Did Larrikin Love Love 2005?

In 2005, Edward Leeson became obsessed with guitar music and formed a band. Just two years later, Larrikin Love was over.

The whole thing happened very very very quickly – from meeting [the band], getting signed, making an album and splitting up, it was a couple of years. Thinking about it now, it was a really funny, wild time, because I hadn’t listened to guitar music, ever. My whole childhood, I was into garage and drum’n’bass and jungle, and then when I was 14 I was really obsessed with grime, and that was all I would listen to.

Everything happened in six months, for me. I went to college, and I get very obsessed about certain things – within a day I can find something and be so obsessed with it that I have to be involved in it immediately, but then it passes very quickly also. After two months, I met Alice [Ed’s now wife] and she introduced me to all these classics that I’d never paid attention to, like The Clash and Jeff Buckley, Tracy Chapman – shit you should know but I didn’t. I got a job in OddBins and moved into a flat near Twickenham. It was so disgusting – the windows kept falling out, and I got trench foot in my sleep – but it was a very romantic time, and I just had to find some people to be in a band with, so I went out with the sole purpose of that. I didn’t want any niceties; I just wanted to know if they’d be in this band with me. Alfie wasn’t our bassist at first; he was our manager. But I met them and had four really rubbish songs. We played two or three gigs and then these girls [Young & Lost Club Records] contacted us and asked if we wanted to put out a release. Really quickly after that four or five labels wanted to sign us, but nobody saw it through apart from Warner Brothers. We were really young – Cozzy had to get his mum and dad to sign the deal because he was just 15 or something.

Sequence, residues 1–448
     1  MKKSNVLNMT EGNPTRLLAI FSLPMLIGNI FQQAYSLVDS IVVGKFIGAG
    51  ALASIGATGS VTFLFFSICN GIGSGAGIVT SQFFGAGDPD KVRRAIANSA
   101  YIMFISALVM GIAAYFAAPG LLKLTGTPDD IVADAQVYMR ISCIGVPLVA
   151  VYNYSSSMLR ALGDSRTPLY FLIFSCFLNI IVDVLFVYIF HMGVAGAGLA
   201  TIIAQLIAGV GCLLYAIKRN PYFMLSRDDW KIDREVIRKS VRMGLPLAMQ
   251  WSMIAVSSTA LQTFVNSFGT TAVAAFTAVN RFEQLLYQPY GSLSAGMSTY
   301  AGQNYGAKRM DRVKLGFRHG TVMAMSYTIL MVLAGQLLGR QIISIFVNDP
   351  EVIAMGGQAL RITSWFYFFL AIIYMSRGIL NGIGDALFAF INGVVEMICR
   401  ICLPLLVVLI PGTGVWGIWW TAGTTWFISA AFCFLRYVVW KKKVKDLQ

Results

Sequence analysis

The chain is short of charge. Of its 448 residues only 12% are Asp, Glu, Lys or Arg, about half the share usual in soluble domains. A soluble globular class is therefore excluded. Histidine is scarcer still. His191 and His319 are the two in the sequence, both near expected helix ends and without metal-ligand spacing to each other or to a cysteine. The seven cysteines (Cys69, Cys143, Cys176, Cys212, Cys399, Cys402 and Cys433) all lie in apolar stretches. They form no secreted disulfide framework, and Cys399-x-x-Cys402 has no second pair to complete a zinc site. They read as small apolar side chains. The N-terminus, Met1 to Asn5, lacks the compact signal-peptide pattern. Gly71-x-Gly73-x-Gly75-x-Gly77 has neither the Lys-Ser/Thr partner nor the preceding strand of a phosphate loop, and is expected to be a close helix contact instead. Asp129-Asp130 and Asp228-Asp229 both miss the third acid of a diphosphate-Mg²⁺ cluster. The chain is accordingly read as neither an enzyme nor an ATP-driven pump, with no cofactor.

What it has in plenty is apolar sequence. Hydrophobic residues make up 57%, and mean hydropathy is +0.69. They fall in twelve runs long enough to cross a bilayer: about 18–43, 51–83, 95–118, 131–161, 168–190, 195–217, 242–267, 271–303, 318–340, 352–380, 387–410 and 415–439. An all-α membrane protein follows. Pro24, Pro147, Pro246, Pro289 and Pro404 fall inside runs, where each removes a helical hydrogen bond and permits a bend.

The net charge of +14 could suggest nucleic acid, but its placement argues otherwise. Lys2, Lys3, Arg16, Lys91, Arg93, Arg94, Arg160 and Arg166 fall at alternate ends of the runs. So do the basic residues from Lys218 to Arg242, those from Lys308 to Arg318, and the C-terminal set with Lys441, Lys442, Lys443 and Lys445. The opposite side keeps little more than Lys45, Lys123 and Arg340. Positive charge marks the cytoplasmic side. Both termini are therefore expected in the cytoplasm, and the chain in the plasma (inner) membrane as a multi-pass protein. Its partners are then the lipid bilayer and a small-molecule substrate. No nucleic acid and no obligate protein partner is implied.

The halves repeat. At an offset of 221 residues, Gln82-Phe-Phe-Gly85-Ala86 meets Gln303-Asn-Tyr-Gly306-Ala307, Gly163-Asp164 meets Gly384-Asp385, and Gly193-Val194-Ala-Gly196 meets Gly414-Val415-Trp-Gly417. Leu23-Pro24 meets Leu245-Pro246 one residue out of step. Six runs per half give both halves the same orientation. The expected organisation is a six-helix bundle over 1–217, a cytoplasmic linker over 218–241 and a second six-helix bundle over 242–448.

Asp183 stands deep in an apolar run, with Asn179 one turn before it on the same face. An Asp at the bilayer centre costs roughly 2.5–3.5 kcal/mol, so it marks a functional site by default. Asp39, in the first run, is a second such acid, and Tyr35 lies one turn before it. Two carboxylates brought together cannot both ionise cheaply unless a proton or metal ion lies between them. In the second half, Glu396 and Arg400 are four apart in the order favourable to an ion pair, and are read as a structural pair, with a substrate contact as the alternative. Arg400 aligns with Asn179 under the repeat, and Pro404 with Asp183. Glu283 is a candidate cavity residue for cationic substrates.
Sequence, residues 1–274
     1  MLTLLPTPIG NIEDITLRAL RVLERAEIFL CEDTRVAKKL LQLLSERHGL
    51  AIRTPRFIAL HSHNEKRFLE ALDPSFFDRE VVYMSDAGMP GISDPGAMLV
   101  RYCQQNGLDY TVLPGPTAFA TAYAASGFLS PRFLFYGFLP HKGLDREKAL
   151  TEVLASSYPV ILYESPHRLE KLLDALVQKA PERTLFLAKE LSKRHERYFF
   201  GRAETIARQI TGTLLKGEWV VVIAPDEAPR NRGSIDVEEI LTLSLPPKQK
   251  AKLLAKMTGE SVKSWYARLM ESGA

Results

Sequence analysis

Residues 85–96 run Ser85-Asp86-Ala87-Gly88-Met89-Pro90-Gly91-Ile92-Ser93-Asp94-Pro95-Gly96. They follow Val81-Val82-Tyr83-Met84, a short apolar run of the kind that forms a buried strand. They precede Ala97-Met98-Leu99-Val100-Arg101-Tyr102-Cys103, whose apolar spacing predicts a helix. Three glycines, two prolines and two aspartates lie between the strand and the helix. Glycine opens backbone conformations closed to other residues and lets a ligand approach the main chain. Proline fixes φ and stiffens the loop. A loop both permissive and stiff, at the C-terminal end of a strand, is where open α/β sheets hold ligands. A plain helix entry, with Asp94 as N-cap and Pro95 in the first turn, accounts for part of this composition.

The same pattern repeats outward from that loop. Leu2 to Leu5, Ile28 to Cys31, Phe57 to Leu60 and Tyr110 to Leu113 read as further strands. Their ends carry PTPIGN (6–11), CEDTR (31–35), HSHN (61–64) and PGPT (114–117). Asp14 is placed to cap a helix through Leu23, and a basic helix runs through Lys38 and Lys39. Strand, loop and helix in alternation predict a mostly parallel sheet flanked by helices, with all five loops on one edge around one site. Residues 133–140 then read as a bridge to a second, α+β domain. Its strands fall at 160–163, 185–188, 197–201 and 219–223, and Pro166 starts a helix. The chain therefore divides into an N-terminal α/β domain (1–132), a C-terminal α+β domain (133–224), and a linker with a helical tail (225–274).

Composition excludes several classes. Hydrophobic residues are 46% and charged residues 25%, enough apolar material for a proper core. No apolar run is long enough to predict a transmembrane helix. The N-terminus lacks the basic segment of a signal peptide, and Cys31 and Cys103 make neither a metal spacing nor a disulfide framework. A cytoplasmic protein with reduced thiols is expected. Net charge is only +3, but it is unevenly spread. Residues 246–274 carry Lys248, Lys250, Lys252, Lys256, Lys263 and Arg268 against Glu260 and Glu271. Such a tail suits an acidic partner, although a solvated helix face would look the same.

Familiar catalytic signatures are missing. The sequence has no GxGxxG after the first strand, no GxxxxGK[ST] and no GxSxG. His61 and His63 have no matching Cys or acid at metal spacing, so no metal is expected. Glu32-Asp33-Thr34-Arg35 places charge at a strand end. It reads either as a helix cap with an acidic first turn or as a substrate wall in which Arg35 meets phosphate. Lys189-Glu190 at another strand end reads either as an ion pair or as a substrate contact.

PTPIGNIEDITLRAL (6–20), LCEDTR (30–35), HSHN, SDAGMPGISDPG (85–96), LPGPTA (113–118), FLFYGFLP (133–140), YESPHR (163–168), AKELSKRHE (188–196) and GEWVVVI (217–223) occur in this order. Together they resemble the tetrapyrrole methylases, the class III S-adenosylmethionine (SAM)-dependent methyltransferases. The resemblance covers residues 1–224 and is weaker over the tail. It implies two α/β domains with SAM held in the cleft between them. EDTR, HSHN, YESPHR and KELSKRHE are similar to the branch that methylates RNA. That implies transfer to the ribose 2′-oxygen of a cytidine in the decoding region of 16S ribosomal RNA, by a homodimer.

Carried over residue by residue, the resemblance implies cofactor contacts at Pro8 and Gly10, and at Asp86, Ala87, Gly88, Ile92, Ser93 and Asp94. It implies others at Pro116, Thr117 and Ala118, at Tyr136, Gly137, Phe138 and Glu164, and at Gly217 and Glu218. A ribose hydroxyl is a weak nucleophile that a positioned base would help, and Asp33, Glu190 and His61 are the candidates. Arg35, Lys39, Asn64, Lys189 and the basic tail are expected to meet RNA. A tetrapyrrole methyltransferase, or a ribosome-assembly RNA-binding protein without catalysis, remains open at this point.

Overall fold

The best thing about those guys was that they were so open-minded, whereas I maybe wasn’t, because I had this weird tunnel vision. But as soon as I got hooked on guitar music, I was soon over it as well, and I don’t mean that in any disrespect to the others, because I know they really enjoyed it, and I really enjoyed it, to an extent, but I definitely didn’t enjoy touring – we were partying way to hard and certain events happened and it was getting out of control. I don’t know what happened, but I left the last tour for a bit because I was shitting blood. My liver was fucked up. I wasn’t equipped for that lifestyle. Tensions grew and it separated a bit. And it’s no-one’s fault – and it’s least of all their fault, it’s more my fault – but it became me and them. After the show they’d go off and party and I’d just sit on the bus drinking until I fell asleep. It was just quite lonely, and a bit awkward.

Certain things happened. On stage once someone hit me with a bottle during our first song. I walked off the stage, and they all came off and were like, ‘Ed, don’t be such a diva, get back on there’. I went back on stage and I remember being really wound up, and I had a drumstick and I was hitting Cozzy’s drums out of time, really sabotaging shit, and then another bottle got thrown, and that was the beginning of the end – I did this awful thing where I stormed off stage and I went upstairs and destroyed all of this electrical equipment in our dressing room. I was crying and going mad, and they came in and it transpired it was our tour manager’s printer and hi-fi, and everyone was so fucking angry with me.

A tension had snapped. We went to Japan after that, and had a great time, but after a fortnight of partying I flew home on my own, on a completely empty plane where Arctic Monkeys were in first class, and I thought fuck this. When I got home and called our mangers they were like, ‘Is it over?’. They knew it was coming.

I think there might have been some bad blood because [the band] were really happy doing what we were doing. They were such sweet people – completely unpretentious, genuine people – who loved playing music, way more than I did. Playing guitars and drums had been part of their childhood, and it hadn’t been part of mine. And so for me to chuck it away so quickly I think really offended them. I think for a long time after they despised me, because I ended it all, and in a way I wish they’d carried on without me, because I didn’t want to be responsible for ending this great fun time. I do feel regret for that.

I remember when I told them, I drank two bottles of wine to muster up the courage, and they were all really lovely. They cared for me more than I had realised. I was explaining to them why I wasn’t able to do it anymore, and they understood and any ego went to one side.

I’ve finally learned that although I might be embarrassed about my past, or whatever, as most people are about things they did when they were young, for some people we were a coming of age band, just because we came out at the right time for them, and it’s pretty arrogant and unfair to dismiss it and the pleasure that other people got out of it, or still do.

As told to Stuart Stubbs